American researchers received data from the Juno probe, which explains the nature of Jupiter’s polar shine.

Apparently, the polar radiances at the poles of Jupiter generate non-dispersing electrons, as on Earth, and another type of interaction of charged particles.

Juno’s flight over the polar region showed that the electrons in the Jupiter’s atmosphere accelerated in the direction of Jupiter at energies up to 400,000 electron volts — which is 30 times higher than the largest polar eclips observed on Earth.

«At Jupiter, bright polar glare is caused by some kind of turbulent process of particle acceleration, which we do not understand very well yet,» explains lead researcher Barry Mouche of Johns Hopkins University at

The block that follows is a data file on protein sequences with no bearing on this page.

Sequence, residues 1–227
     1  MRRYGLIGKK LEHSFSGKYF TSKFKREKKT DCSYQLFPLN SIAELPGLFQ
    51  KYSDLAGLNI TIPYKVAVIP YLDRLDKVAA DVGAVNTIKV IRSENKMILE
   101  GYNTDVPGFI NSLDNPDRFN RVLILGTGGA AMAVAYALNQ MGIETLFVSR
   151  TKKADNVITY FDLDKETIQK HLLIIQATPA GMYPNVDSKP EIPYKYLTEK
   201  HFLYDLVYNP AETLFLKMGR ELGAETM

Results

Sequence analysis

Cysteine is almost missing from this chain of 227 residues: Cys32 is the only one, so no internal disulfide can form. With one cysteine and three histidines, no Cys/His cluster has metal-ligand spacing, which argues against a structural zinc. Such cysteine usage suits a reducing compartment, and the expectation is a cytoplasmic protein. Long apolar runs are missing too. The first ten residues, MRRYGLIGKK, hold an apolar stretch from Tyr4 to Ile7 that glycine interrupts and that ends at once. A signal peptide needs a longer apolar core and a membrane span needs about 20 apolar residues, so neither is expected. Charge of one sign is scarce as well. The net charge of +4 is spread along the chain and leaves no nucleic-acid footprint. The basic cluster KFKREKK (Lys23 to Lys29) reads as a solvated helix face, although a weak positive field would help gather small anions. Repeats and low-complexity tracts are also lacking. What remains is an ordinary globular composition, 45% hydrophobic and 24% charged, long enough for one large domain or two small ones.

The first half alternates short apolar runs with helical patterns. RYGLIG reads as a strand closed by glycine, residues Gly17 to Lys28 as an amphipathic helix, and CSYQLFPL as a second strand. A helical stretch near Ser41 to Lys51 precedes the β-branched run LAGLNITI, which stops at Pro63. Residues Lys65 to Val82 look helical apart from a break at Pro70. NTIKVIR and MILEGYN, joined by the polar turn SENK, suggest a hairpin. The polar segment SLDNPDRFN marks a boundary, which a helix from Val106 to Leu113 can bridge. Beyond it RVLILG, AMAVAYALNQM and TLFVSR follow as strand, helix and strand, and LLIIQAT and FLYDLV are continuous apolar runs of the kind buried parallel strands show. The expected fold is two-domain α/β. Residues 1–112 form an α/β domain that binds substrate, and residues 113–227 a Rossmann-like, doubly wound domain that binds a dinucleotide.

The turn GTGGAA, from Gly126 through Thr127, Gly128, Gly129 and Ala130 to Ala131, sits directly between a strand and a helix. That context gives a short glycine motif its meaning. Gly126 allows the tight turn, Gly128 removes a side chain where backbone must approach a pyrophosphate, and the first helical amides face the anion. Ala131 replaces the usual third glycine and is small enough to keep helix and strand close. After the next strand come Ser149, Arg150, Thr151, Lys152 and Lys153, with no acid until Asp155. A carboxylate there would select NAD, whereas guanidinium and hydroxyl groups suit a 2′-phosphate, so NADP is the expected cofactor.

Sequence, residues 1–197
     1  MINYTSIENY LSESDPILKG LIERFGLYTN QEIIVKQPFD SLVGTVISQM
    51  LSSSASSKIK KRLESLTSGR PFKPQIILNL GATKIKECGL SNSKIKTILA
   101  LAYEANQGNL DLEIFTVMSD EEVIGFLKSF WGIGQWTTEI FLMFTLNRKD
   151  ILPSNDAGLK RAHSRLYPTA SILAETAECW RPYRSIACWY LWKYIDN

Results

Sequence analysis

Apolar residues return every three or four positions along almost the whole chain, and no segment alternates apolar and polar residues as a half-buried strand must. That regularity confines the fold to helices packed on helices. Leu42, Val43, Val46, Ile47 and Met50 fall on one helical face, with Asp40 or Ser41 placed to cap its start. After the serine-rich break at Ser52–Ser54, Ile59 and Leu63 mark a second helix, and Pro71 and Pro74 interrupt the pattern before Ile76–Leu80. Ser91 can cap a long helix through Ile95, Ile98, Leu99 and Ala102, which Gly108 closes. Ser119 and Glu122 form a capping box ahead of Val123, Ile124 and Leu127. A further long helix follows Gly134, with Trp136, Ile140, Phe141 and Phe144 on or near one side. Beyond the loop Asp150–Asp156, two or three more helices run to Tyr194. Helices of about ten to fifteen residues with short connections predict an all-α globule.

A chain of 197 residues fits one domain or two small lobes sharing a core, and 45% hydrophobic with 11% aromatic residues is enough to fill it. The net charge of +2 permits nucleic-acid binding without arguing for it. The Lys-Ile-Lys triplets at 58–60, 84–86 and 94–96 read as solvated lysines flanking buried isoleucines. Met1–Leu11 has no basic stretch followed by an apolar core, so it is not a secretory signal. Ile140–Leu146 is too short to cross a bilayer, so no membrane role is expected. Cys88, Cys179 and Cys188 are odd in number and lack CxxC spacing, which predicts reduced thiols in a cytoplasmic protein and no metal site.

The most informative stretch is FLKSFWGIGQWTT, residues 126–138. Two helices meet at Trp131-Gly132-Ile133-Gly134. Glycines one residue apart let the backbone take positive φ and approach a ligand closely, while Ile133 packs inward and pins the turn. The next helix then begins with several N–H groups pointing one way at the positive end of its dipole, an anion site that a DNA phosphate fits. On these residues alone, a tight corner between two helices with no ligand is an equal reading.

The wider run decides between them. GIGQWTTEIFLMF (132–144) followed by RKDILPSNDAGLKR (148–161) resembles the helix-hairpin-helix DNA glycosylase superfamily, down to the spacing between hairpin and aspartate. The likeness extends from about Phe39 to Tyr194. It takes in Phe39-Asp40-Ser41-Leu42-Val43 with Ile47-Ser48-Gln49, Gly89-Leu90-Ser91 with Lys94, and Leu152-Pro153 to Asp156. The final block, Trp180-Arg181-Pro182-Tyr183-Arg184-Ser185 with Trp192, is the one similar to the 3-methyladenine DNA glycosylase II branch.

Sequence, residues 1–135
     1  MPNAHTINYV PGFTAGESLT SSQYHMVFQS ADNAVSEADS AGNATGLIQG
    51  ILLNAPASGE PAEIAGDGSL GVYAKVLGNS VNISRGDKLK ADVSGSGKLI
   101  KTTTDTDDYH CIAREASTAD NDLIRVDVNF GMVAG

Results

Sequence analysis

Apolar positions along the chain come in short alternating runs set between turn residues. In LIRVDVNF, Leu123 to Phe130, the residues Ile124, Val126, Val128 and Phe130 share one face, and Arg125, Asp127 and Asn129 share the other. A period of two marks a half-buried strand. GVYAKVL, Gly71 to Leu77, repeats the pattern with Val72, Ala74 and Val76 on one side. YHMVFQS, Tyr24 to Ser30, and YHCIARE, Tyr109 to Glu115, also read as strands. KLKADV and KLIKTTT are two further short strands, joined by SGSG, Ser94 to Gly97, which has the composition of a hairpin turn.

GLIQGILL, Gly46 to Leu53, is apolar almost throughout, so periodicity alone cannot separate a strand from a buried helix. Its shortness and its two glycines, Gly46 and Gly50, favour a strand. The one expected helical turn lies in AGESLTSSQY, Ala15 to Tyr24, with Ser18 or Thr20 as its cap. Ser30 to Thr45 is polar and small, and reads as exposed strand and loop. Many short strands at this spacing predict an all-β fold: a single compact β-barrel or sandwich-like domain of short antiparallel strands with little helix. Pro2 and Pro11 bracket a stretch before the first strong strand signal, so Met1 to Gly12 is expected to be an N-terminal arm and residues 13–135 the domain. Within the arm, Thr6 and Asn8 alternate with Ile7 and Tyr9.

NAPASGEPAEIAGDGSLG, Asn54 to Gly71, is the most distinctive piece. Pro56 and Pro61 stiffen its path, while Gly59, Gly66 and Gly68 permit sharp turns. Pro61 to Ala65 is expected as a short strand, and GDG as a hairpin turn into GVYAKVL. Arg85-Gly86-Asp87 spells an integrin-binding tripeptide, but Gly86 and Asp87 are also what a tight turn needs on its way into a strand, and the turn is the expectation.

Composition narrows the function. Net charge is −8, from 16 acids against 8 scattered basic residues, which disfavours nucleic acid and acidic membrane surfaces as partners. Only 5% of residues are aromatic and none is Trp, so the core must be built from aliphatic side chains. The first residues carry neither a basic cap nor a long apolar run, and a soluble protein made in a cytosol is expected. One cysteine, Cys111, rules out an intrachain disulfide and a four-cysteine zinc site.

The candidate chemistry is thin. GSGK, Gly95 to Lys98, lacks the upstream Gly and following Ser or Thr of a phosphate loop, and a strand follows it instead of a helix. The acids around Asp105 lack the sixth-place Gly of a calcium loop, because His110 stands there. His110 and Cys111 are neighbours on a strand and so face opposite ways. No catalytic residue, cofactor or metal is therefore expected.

When the electrons reached the poles of Jupiter, they were scattered with clouds of plasma existing in the upper layers of the atmosphere of the planet, and generated flashes of light and ultraviolet radiation. Because of turbulence, electrons are so much accelerated that in large quantities create dazzling flashes in the sky. A similar process occurs when some very weak polar shades appear on Earth.

At the moment, it’s just a work hypothesis, since researchers can not fully explain what’s happening. But at the moment, the turbulent acceleration hypothesis is the best explanation for Jupiter’s polar shine.